Songs of Our Fathers - A Journey of (Re-)Discovery
Andy Statman & David Grisman's Songs of Our Fathers - Traditional Jewish Melodies was released in 1995 on Grisman's Acoustic Disc label.
Both Statman and Grisman started out in bluegrass, the former moving on to kick-start the klezmer "revival" in the late 70s, the latter becoming a major legend in 'grass and folk circles. Following Andy Statman's career since the early 70s has been a fascinating journey in itself. Country Cooking was one of the finest progressive bluegrass bands of its day and included such other legends as Pete Wernick and Tony Trischka. Statman's mandolin and soprano sax were already quite outstanding then. (Gosh, is it really 30-odd years already since those heady days?!) His original compositions were equally noteworthy. After Country Cooking,
Andy Statman moved on to co-found the equally legendary Breakfast Special.
By the second half of the decade I'd temporarily lost track of him for
a while, only to stumble across this amazing album in 1979 by Zev Feldman and Andy Statman called Jewish Klezmer Music - could this be the same Andy
Statman, and that wonderful music I'd heard on old 78s earlier in the decade?
The answer, of course, turned out affirmative on both counts. A number
of albums by Statman kept coming along regularly through the 80s and 90s,
establishing him firmly as one of the leading exponents of contemporary
klezmer. David Grisman, meanwhile, had grown into one of the greatest legends
in the progressive bluegrass and folk worlds, showing no inclination to
explore his Jewish roots musically.
Songs of Our Fathers, however, is David Grisman exploring, even affirming, his Jewish musical roots, with Andy Statman's able guidance. It is an exploration of klezmer in a decidedly contemporary voice, and shades of 'grass abound, especially in exchanges between the two maestros on mandolins. A journey of exploration, Songs of Our Fathers stops here and there, makes excursions now and then, but somehow never seems actually to arrive anywhere in particular. Perhaps that's as it should be with a journey of exploration - in a way, a predetermined destination would somehow negate the very concept of exploration, one could argue. And yet, pleasant and even interesting and stimulating though the music is, somehow Songs of Our Fathers leaves one with a distinct sense of unfulfilledness.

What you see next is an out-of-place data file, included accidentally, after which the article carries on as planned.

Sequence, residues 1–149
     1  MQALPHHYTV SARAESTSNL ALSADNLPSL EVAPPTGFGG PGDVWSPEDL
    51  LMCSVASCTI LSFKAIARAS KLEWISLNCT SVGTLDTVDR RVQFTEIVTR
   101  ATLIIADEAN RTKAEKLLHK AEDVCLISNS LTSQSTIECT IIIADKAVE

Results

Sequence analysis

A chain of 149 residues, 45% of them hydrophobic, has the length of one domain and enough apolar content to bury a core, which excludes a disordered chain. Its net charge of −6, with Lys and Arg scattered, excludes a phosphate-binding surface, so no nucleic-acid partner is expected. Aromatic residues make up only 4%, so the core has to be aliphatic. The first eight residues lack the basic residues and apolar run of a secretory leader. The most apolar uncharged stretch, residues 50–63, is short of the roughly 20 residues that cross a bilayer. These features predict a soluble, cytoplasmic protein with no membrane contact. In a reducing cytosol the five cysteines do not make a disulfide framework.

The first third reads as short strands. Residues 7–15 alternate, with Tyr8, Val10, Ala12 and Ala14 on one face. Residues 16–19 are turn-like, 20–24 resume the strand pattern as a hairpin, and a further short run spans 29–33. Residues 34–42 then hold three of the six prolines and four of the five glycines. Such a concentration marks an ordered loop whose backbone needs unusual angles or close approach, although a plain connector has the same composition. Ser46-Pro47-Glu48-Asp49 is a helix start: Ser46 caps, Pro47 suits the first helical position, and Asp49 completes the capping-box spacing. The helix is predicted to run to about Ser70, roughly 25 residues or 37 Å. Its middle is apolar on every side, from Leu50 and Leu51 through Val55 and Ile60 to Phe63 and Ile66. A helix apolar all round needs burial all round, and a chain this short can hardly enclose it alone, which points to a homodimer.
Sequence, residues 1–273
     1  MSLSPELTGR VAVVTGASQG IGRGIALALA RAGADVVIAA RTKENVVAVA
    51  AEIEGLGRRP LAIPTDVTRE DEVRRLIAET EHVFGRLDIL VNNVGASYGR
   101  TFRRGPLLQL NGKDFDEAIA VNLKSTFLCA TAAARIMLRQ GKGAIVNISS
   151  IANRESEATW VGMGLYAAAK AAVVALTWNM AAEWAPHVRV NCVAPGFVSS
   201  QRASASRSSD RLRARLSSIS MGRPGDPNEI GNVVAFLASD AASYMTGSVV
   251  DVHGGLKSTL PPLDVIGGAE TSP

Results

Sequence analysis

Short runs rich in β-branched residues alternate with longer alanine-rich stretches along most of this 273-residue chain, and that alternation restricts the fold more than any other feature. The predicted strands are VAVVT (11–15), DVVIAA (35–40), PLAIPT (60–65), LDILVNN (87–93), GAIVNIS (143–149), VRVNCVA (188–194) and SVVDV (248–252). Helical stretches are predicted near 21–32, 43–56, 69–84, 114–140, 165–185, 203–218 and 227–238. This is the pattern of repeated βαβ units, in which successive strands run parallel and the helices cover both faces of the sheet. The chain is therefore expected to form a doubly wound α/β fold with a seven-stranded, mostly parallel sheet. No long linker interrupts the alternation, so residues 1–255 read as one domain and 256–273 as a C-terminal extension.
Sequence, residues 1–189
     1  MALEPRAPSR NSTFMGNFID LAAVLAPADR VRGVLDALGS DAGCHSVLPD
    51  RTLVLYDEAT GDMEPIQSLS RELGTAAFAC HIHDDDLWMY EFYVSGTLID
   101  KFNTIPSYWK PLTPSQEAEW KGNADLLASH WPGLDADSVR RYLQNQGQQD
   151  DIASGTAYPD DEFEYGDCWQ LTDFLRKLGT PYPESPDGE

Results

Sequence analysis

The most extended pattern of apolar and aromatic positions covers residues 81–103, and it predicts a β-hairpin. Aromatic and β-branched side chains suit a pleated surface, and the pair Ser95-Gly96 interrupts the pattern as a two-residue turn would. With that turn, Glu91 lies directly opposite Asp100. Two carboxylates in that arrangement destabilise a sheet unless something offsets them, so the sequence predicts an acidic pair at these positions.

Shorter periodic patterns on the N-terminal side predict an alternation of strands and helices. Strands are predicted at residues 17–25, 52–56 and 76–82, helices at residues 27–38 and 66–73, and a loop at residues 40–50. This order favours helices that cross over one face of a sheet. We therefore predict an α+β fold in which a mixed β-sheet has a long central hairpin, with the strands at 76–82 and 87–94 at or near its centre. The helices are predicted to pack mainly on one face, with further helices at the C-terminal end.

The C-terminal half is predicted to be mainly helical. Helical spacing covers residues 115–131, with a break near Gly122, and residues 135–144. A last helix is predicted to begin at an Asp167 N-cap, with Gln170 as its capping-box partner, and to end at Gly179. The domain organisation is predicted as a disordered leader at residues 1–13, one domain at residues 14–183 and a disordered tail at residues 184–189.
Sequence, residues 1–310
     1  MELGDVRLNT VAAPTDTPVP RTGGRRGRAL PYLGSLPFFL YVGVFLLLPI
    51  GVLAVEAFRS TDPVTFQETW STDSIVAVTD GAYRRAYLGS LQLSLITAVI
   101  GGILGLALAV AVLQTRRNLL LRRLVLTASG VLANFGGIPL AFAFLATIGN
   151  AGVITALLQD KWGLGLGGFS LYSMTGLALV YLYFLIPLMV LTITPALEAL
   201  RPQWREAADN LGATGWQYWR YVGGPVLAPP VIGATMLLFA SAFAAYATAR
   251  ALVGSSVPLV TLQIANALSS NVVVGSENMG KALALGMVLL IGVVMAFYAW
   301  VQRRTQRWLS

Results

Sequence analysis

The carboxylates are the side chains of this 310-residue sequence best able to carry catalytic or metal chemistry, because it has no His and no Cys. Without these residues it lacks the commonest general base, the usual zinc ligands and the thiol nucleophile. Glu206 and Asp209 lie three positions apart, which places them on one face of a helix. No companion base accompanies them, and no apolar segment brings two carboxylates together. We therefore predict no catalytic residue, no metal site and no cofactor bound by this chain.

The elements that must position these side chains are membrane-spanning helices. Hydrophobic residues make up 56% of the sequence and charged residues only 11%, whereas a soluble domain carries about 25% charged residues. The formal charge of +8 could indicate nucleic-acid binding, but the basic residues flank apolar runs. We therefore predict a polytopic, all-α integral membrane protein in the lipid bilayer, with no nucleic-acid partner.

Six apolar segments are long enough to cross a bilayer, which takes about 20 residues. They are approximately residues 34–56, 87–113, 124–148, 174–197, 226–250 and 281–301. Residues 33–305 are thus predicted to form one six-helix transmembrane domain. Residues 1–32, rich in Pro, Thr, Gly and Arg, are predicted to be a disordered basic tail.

Sadly, I feel that Songs of Our Fathers is not one of Andy Statman's strongest recordings. On Adon Olam, his chalumeau is endowed with an almost Acker Bilk-like, excessive vibrato that, in the context, actually at least borders on the unpleasant - most uncharacteristic playing for the normally brilliant Statman. Kazatski is easily the most enjoyable track on this album, lively, even rousing, with a lovely tuba "oom-pah" bass giving the arrangement a wonderful lift. Another lively track is Chassidic Medley, though this might have benefited from some judicious reduction to its length. On Shomer Yisrael, there is a touch of somewhat vibrato-laden chalumeau again, right at the beginning, but this time not necessarily disturbing, from which Statman jumps into a brilliant and masterful, restrained alto. Dovid Melech Yisrael is a highly enjoyable track, and easily the most inventive. The contrast between the subdued tuba and Andy Statman's lively, passionate clarinet here is absolutely beautiful.
Overall, Andy Statman & David Grisman's Songs of Our Fathers is something of a mixed bag. For the most part, the music is actually very enjoyable, and generally (with one notable exception mentioned above) it would be hard to fault either player's performance, in fact, virtuosity abounds. The supporting artists can't be faulted either and include the illustrious Edgar Meyer. But, a completely satisfying album it somehow isn't for this reviewer, for whom it simply doesn't quite compare to Andy Statman's other klezmer albums.
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